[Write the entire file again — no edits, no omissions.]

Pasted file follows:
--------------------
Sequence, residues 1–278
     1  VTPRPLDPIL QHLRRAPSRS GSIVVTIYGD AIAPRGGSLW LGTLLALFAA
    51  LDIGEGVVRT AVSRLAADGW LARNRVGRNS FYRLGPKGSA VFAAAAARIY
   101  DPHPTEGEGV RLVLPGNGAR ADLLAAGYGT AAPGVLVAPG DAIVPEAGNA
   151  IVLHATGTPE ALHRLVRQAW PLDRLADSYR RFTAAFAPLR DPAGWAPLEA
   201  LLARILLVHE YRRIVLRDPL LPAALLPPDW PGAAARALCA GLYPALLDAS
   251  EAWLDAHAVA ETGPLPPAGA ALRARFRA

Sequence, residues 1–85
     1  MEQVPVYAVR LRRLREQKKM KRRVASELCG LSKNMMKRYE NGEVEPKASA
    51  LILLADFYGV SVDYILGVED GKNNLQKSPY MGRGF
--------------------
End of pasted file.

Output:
Sequence, residues 1–278
     1  VTPRPLDPIL QHLRRAPSRS GSIVVTIYGD AIAPRGGSLW LGTLLALFAA
    51  LDIGEGVVRT AVSRLAADGW LARNRVGRNS FYRLGPKGSA VFAAAAARIY
   101  DPHPTEGEGV RLVLPGNGAR ADLLAAGYGT AAPGVLVAPG DAIVPEAGNA
   151  IVLHATGTPE ALHRLVRQAW PLDRLADSYR RFTAAFAPLR DPAGWAPLEA
   201  LLARILLVHE YRRIVLRDPL LPAALLPPDW PGAAARALCA GLYPALLDAS
   251  EAWLDAHAVA ETGPLPPAGA ALRARFRA

Sequence, residues 1–85
     1  MEQVPVYAVR LRRLREQKKM KRRVASELCG LSKNMMKRYE NGEVEPKASA
    51  LILLADFYGV SVDYILGVED GKNNLQKSPY MGRGF